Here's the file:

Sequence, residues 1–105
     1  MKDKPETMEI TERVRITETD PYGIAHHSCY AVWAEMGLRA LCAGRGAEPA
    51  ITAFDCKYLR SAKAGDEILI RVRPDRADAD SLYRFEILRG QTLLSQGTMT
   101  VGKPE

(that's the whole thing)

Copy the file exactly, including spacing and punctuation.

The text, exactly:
Sequence, residues 1–105
     1  MKDKPETMEI TERVRITETD PYGIAHHSCY AVWAEMGLRA LCAGRGAEPA
    51  ITAFDCKYLR SAKAGDEILI RVRPDRADAD SLYRFEILRG QTLLSQGTMT
   101  VGKPE